“Puglisi was a Christian educator with great spiritual and cultural resources. To those would observed that even patience must have a limit he would reply: ‘If it is patience it has no limit.’
[…] His action was profoundly Christian. He would say: ‘I am not a sociologist, I am only a man that is working for the kingdom of God’.
“[…] Puglisi knew well the mafia mentality, and had understood that in order to survive the mafia needed to hide, to camouflage itself. A writing to which even Puglisi made a contribution, states: ‘The mafia is in its own way a culture, an ethic, a way of thinking, a standard of judgment, […] a language, a custom. And, notwithstanding all the camouflage, it is a culture that is anti-evangelical and anti-Christian, and, under many aspects, even satanic. It falsifies terms that indicate positive values such as family, friendship, solidarity, honor, dignity; it distorts them and loads them with meanings that are diametrically opposite to the Christian ones. The goals are to dominate through abuse, create complicity in evil, the imposition of oneself, dependency, enslavement and contempt for the other, prestige based on power and wealth sought by any means’.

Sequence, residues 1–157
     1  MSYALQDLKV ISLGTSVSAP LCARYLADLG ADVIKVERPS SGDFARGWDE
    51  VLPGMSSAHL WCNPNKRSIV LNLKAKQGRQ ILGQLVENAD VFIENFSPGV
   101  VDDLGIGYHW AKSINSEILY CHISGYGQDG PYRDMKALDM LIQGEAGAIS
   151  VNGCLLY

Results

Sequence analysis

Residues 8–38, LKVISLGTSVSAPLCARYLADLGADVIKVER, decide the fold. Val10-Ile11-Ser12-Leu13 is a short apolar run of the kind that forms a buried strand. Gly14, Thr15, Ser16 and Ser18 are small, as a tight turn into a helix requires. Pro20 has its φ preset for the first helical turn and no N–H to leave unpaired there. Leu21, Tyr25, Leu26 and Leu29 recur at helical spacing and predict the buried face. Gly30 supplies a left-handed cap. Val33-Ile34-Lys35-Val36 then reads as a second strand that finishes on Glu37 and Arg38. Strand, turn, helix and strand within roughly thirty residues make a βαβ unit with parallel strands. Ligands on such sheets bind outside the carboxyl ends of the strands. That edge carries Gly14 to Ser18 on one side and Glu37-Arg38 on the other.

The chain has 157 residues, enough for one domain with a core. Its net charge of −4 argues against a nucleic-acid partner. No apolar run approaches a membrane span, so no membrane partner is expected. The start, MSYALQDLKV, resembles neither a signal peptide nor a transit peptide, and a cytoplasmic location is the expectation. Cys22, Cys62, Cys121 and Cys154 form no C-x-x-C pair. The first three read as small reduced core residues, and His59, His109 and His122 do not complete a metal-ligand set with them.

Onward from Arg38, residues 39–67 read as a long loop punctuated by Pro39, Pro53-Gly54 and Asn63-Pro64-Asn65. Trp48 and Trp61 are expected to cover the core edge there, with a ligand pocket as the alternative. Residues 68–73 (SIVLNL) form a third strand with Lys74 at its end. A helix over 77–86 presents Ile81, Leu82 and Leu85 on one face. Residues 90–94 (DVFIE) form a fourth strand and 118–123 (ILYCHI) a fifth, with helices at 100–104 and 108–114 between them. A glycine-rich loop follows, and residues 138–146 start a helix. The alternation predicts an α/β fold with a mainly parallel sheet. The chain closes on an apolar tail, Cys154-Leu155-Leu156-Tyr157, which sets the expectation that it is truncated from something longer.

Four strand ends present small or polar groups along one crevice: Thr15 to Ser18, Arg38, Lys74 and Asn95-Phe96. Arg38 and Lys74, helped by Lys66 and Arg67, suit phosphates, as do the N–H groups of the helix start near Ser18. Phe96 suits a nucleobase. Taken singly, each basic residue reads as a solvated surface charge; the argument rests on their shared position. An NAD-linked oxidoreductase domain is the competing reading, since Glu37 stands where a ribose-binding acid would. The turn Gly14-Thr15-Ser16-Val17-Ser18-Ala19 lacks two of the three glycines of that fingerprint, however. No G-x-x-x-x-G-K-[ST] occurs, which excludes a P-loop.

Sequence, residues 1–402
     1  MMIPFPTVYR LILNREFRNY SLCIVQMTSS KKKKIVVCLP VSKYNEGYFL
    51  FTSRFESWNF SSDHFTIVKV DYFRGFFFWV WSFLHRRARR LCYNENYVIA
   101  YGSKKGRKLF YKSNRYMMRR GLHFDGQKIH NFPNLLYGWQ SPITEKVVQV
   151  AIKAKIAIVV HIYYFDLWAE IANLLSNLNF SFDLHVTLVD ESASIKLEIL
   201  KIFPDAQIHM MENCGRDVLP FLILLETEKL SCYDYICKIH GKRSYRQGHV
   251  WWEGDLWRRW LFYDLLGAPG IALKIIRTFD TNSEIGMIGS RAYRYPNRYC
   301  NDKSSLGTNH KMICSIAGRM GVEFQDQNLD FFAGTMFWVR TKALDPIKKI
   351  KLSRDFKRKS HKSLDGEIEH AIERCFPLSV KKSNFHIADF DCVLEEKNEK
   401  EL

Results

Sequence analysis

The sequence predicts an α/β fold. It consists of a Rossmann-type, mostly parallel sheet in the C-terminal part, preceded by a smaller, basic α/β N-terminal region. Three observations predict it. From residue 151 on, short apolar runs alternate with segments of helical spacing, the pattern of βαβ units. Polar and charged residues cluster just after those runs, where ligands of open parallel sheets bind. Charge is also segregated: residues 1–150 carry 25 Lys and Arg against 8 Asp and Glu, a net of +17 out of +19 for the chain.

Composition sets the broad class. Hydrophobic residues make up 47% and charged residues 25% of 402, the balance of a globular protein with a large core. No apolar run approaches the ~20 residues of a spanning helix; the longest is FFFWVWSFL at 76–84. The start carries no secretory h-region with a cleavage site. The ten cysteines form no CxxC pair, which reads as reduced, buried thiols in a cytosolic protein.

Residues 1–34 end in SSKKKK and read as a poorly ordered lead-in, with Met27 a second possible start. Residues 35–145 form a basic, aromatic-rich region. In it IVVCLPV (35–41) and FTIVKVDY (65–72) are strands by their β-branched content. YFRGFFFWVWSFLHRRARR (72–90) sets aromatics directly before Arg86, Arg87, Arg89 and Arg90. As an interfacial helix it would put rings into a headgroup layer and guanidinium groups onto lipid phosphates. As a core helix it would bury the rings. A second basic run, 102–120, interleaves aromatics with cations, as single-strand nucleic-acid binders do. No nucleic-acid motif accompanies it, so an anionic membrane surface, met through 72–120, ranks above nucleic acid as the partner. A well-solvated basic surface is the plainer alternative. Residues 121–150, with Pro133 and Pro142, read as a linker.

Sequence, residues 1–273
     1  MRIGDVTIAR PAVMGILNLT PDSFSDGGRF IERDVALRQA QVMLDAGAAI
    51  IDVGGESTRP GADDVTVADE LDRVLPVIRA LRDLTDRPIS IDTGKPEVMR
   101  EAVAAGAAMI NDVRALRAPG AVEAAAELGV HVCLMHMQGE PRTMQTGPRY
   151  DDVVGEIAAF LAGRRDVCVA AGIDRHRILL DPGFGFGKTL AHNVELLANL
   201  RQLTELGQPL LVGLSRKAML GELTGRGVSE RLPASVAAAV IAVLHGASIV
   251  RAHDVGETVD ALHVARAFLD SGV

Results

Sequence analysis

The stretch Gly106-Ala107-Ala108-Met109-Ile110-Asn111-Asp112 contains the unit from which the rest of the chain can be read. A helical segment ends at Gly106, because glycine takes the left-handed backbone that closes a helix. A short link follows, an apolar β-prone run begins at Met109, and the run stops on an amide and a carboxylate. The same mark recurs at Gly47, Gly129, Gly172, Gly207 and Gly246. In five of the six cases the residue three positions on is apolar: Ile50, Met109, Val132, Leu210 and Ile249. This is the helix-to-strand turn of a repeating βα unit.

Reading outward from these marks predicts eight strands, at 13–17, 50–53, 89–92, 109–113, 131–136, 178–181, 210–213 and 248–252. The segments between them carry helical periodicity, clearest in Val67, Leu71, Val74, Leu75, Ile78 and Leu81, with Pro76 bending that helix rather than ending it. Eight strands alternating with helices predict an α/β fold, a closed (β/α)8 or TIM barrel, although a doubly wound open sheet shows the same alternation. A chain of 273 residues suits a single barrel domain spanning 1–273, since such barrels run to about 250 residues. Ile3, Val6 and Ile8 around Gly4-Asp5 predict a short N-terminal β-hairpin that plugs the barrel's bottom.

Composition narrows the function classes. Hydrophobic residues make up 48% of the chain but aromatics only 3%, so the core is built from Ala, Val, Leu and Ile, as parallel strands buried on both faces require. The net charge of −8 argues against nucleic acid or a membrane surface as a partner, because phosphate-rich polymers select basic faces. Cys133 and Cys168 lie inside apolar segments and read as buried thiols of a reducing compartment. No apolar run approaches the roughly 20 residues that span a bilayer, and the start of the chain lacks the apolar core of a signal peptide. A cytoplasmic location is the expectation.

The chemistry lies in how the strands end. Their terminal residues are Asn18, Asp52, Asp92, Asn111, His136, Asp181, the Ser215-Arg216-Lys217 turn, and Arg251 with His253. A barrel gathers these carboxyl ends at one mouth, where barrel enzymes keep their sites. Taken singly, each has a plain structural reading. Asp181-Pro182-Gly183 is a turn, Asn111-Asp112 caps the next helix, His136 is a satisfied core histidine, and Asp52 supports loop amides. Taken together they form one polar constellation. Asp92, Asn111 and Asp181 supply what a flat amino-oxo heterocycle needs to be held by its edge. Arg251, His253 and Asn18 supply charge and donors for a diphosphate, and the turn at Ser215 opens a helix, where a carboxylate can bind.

“Puglisi, with his work made of catechizing, preaching and the education of minors, diminished the mafia’s strength joining the effort of the Church as a whole. An effort that reached its peak with the visit of Pope John Paul II to Sicily in May 1993. The Pope came to Sicily following several mafia murders, he met with the families of many victims, decided to make some very clear statements at Agrigento, inviting the Mafiosi to convert, and reminding them that God’s judgment day on their actions would come.
“Cosa Nostra’s response was not long in coming. On July 27 1993 three bombs explode during the night, one in Milan and two in Rome, one near the cathedral of Saint John in Lateran and the other near the church of Saint George in Velabro. Cosa Nostra shows its terrorist face and views the Church with increasing hostility. Less than two months after the bombing at the Laterano, don Puglisi is murdered. His words represented a hindrance. He preached the Gospel and from his pulpit he spoke to the mafiosi: ‘Come, let’s talk. Those who use violence are not men. We ask those who oppose us to reacquire their humanity’. Puglisi had shaken the consciences of those who lived under the oppression or the spell of Cosa Nostra. According to a direct witness, the head of the mafia of those days, Bagarella, decided to kill him because ‘He took those children, trying to tell them :’do not join the Mafiosi’, and anyway operated to take people away from the mafia’s reach’.
That meek, unarmed man had scared the head of the mafia. […] Today his neighborhood has changed. People reacted to his assassination: he was too well known as a saint priest, as a model […] Many children of Brancaccio look up to him as an example. As with many martyrs, his story seems to be one of defeat while in reality it marks a victory at a deeper level”.